Leading Leaders

leading leaders

It’s one thing to lead followers and another thing to lead leaders.

How do I get people to follow me who would rather be the leader, and why should I try to get people to follow me who don’t really want to follow?

Followers are great at getting things done, but you will reach more people if you focus your time and energy on leading leaders.

There are risks in trying to lead leaders, but if you try to do it all by yourself, then you are guaranteed to fail. If you want to grow as a leader, you have to increase your influence with other leaders.

Here are three important steps in leading leaders.

1. Be quick to hear.

Create environments where you take time to listen to your leaders. You can do this one-on-one, but I like to do it as a group.

2. Be slow to speak.

If you want to lead leaders, then you will have to do more listening and less talking. If you put someone in charge of a meeting, never jump in the middle of it. You can probably communicate it better, but that doesn’t mean that you should.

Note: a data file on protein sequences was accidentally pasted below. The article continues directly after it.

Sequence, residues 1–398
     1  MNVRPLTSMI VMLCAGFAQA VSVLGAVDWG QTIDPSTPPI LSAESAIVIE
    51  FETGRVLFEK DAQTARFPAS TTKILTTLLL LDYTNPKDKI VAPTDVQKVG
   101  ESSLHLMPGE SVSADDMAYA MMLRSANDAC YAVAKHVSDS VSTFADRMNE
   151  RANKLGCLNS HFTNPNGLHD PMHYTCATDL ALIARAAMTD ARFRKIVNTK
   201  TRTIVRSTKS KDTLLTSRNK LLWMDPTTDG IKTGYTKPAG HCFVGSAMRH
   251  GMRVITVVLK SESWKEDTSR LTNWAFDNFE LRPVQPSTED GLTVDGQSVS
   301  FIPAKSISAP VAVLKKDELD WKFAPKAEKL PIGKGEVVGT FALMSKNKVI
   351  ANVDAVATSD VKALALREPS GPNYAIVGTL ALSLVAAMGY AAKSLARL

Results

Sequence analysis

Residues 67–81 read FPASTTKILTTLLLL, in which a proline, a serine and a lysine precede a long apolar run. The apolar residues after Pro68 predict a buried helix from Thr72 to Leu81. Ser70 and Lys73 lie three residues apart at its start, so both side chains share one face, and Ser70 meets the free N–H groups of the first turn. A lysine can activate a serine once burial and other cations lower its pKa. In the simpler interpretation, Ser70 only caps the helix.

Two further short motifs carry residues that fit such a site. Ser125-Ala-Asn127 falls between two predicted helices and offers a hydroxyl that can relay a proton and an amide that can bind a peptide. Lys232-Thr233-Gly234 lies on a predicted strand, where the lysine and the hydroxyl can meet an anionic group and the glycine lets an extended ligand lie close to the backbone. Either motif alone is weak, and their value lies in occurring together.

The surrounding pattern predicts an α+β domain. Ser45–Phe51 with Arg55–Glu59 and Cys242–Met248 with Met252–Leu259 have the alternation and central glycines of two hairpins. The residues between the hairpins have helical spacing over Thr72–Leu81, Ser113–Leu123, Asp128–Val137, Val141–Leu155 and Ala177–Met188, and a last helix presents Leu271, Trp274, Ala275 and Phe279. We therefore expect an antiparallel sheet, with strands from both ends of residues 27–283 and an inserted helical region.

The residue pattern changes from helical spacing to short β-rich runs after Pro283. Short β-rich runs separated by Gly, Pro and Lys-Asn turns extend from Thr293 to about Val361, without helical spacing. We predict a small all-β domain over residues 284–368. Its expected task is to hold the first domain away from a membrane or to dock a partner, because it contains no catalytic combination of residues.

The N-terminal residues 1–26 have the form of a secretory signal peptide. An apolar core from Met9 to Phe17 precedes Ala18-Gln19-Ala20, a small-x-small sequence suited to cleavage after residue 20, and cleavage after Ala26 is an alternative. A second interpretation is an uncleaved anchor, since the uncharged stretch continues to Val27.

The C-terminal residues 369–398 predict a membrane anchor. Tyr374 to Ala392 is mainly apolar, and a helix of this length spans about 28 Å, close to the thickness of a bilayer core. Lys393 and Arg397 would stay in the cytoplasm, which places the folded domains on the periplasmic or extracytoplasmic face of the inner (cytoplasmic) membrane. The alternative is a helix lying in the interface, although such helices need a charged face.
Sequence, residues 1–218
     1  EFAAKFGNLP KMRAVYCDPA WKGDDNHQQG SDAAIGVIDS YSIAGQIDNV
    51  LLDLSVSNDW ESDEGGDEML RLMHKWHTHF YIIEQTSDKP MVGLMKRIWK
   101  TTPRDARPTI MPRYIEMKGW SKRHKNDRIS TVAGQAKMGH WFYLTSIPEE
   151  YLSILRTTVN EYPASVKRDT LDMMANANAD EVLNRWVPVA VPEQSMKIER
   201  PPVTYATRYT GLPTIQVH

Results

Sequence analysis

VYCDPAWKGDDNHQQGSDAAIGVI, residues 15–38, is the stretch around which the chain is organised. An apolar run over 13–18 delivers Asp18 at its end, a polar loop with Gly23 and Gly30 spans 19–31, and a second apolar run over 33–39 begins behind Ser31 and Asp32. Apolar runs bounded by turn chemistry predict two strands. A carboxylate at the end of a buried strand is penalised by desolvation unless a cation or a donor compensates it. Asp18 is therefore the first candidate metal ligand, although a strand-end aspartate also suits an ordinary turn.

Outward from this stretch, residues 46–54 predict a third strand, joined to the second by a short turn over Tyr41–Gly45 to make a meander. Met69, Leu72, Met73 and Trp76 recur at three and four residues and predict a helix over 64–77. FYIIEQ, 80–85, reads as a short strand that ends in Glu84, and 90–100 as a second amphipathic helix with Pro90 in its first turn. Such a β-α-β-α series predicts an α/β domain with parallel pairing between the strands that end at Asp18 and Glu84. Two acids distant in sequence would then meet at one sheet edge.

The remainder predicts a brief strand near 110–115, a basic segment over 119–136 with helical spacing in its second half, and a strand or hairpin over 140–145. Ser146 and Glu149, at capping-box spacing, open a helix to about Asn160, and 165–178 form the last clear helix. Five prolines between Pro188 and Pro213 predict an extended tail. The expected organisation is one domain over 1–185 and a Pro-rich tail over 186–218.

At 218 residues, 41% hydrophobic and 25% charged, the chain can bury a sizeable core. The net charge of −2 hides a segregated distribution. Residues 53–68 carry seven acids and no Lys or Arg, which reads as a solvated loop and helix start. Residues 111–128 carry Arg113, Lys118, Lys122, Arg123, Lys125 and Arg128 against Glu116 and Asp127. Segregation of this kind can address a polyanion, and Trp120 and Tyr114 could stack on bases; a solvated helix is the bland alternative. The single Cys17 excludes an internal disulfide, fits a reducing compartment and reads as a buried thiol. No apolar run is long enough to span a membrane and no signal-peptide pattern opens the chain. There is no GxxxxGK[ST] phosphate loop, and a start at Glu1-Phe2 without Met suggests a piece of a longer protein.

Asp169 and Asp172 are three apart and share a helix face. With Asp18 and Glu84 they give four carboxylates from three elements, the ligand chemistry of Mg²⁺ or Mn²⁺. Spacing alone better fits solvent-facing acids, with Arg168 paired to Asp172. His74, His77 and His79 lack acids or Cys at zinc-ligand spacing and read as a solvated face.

It is really empowering to a leader when you can sit in the meeting and keep your mouth shut. It reinforces their leadership and communicates to everyone else that you trust them.

3. Be slow to wrath.

Your leaders will do things that provoke your anger. You may need to talk to them, but wait until you calm down.

Nobody likes to be yelled at, especially volunteers. Sometimes one angry outburst can destroy a relationship.

If you follow this scripture, you will be well on your way to leading leaders: “Everyone should be quick to listen, slow to

“Everyone should be quick to listen, slow to speak, and slow to become angry” (James 1:19 NIV).

james 1:19
james 1:19
Mark Harper

Mark Harper

Pastor, Filmmaker and Coach, Mark Harper has over 30 years of experience in the local church. He is the creator of the Super Church 2.0 Curriculum, which is used in over 5,000 churches worldwide. The focus of Mark’s ministry is helping leaders build strong churches and helping parents build strong families.
Not only has Mark served in the local church as pastor, associate pastor, and family ministry pastor but he is also a certified coach with the John Maxwell Team.
Mark Harper

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